Wedding season has been upon us. We have laughed much, we have cried. We have regretted, and we have groaned. And we have done all of these over the course of a toast given by a family member, best friend, or best someone of honor.
Whether you are preparing some “remarks” of your own for the upcoming wedding or simply need a frame of reference while you sit on the safe side of the undersized dance floor and the twinkly lights, may this be your guide.
I don’t mean to be deliberately offensive in writing these words. The only critique I can hope to make of others’ speeches is the expression of boredom I’ve felt, which is probably more about my own impatience than their lack of coherence in what is likely for them a time of immense joy and connection, unparalleled in their previous life with the person getting married. No excuses need to be made. No words need to be said about words that don’t need to be said. We thank you for sharing all that you have shared. We see where your heart is.
1. Inform the crowd that you’re not that used to public speaking and ask them to bear with you. This will get them on your side right away. It will also let everyone know how long you plan to talk. They can go back to telling their kids, “It won’t be much longer,” rather than holding up their champagne (or sparking cider) flutes in heightened expectation.
2. Get the names of the newlyweds correct. You’ll have one-upped the DJ in this respect.
3. Remind the crowd why we’re here today. Use phrases like “to celebrate _________’s marriage” or, more formally, “to join ________ in their……..by honoring their……..” This will both reassure the crowd of your intentions and, of course, help them to remember that they are at a wedding reception.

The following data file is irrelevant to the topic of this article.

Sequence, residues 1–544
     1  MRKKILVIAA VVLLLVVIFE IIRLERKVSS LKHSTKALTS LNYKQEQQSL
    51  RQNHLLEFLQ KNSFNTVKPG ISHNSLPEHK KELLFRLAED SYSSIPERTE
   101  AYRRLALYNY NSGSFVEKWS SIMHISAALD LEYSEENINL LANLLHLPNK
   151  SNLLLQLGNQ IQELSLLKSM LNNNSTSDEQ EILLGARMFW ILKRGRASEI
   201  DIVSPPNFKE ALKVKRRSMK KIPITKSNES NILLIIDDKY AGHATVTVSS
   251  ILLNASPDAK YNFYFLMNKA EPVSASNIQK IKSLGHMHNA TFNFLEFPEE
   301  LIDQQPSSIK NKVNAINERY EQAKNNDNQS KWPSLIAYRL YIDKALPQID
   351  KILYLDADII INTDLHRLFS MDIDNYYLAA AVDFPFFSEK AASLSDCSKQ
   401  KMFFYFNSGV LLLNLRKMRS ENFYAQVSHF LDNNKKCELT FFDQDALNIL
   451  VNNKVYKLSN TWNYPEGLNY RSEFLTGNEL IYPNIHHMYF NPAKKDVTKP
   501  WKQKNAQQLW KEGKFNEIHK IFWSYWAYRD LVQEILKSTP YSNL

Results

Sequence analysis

4. Acknowledge the love that everyone can feel in the room right now. People usually don’t feel something that every single person is feeling until the feeling is named. This will also make the people who are waiting for the food feel less hungry.
5. Comment on the bride’s personality and appearance in the most generic way possible. Suggested phrases: “You look so beautiful” or “She is just always so nice.”
6. Comment on the groom’s personality and appearance in the most derogatory way possible. If you can, take out the whole family with one clean jab. As in: “You look like you’ve never worn a suit before. Who raised you? (With a wink at the mother of the groom)” or “It wasn’t until you met her that you started to act like a decent human being.”
7. Make a compliment that doesn’t come off quite right. Such as: “You guys are lucky to have found each other” or “We’re so glad he/she didn’t settle until he/she met you.”
8. Make a compliment that definitely doesn’t come off right. “I’m so happy for you. We never thought this day would come.” “You guys deserve each other.”
9. Exploit all the paradoxes. “Even though I just met you, I’ve always counted you as part of our family.”
“I don’t even have words to say to describe the love you two share.”
“Love like yours is such a rare and unexpected gift. It doesn’t surprise me that you found it.” (I would actually find this very honoring if someone said this at my wedding.)
10. End by centralizing your experience. “Today you are getting married, but I know we will always be friends.” (This is a real struggle, and a wedding reception is the most appropriate occasion to air your insecurities.)
“The greatest joy for me today is getting to share this moment with you.”
“It is such an honor that you have asked me to bless your marriage. Can’t you guys just feel the love in the room? I can.”
Last and perhaps least, remember it is a toast. Don’t forget to give the signal that you have shared both everything you planned to say and everything you ended up saying.
“Thank you. I mean. Oops, haha. A toast to…”
We’re waiting. We’re waiting. And you’re welcome. You really are welcome. Call table fourteen.